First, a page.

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Federal Court Bans Cross from Los Angeles Seal

A federal court ruled Thursday that the Los Angeles County supervisors violated the Constitution in 2014 when they voted to restore a small cross to the county seal. The cross appeared on a depiction of a historic mission building.

The plaintiffs, who included a coalition of liberal religious leaders, sued the county on the grounds that the cross violated the Establishment Clause of the First Amendment. The court, agreed, and added that the seal violated the No Aid Clause of the California constitution, which prevents the government from conferring a “sectarian” benefit.

Judge Christina A. Snyder, a Bill Clinton appointee, presided.

 

The 2014 seal replaced one approved in 2004, which had dropped a cross from the seal after the American Civil Liberties Union (ACLU) objected. After a contentious debate, the cross was added, as a supposedly historic symbol.

The U.S. District Court for the Western Division of the Central District of California granted a permanent injunction against the seal. The key was not just the presence of a cross on the seal — which might have been tolerable if it had been continued from an earlier use — but the fact that the Board specifically decided to add the cross. Though there was a secular reason for adding the cross, i.e. to show history, that did not blunt its sectarian meaning, the court said.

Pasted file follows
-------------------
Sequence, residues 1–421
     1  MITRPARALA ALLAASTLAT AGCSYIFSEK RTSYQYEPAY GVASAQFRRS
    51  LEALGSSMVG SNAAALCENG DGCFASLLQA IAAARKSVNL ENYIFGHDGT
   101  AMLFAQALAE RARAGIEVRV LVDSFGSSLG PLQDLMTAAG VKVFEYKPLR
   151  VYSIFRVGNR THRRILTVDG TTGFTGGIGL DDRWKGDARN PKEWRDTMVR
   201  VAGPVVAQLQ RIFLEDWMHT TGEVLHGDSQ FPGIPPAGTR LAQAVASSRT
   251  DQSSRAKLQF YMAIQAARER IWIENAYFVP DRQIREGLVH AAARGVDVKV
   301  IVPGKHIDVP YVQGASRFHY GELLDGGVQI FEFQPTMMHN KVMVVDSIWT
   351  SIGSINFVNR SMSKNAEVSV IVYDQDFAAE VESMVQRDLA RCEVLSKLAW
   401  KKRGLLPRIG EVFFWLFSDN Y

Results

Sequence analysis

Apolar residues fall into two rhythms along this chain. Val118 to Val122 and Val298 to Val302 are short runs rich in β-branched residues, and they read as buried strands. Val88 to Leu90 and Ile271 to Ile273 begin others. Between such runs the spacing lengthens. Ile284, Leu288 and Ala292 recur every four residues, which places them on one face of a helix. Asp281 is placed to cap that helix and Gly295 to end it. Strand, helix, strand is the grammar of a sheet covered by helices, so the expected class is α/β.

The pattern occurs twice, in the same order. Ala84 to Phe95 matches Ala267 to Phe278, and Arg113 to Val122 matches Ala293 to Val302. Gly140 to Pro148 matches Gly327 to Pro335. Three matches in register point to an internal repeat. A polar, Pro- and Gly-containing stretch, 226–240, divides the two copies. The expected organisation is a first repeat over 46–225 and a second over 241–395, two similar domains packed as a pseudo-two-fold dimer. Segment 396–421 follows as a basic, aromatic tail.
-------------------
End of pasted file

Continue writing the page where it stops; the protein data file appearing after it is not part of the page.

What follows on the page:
Judge Snyder rejected an argument by the plaintiffs that the Board had violated the No Preference Clause of the state constitution, but found that it did violate the federal Establishment Clause, noting that a “reasonable, objective observer” would see a sectarian purpose in the addition of the cross to the seal, regardless of the official explanation.

The Los Angeles Times reports that the Board of Supervisors was divided in its reaction to the ruling, with retired Supervisor Zev Yaroslavsky hailing the decision.

 

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